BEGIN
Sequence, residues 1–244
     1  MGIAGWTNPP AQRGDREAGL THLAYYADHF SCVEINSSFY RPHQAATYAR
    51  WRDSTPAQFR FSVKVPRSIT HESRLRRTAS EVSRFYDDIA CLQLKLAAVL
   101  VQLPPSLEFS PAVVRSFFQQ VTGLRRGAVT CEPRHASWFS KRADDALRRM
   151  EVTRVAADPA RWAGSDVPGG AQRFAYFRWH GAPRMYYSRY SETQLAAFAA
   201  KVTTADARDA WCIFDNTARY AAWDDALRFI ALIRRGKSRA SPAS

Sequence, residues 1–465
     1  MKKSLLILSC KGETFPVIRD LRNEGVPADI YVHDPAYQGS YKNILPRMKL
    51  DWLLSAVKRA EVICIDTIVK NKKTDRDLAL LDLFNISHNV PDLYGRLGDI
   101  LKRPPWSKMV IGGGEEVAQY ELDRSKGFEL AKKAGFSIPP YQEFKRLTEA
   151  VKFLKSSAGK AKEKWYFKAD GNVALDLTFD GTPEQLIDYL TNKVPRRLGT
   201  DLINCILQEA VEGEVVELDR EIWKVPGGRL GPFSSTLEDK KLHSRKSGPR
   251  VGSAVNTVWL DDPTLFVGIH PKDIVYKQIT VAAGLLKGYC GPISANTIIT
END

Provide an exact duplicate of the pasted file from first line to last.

Sequence, residues 1–244
     1  MGIAGWTNPP AQRGDREAGL THLAYYADHF SCVEINSSFY RPHQAATYAR
    51  WRDSTPAQFR FSVKVPRSIT HESRLRRTAS EVSRFYDDIA CLQLKLAAVL
   101  VQLPPSLEFS PAVVRSFFQQ VTGLRRGAVT CEPRHASWFS KRADDALRRM
   151  EVTRVAADPA RWAGSDVPGG AQRFAYFRWH GAPRMYYSRY SETQLAAFAA
   201  KVTTADARDA WCIFDNTARY AAWDDALRFI ALIRRGKSRA SPAS

Sequence, residues 1–465
     1  MKKSLLILSC KGETFPVIRD LRNEGVPADI YVHDPAYQGS YKNILPRMKL
    51  DWLLSAVKRA EVICIDTIVK NKKTDRDLAL LDLFNISHNV PDLYGRLGDI
   101  LKRPPWSKMV IGGGEEVAQY ELDRSKGFEL AKKAGFSIPP YQEFKRLTEA
   151  VKFLKSSAGK AKEKWYFKAD GNVALDLTFD GTPEQLIDYL TNKVPRRLGT
   201  DLINCILQEA VEGEVVELDR EIWKVPGGRL GPFSSTLEDK KLHSRKSGPR
   251  VGSAVNTVWL DDPTLFVGIH PKDIVYKQIT VAAGLLKGYC GPISANTIIT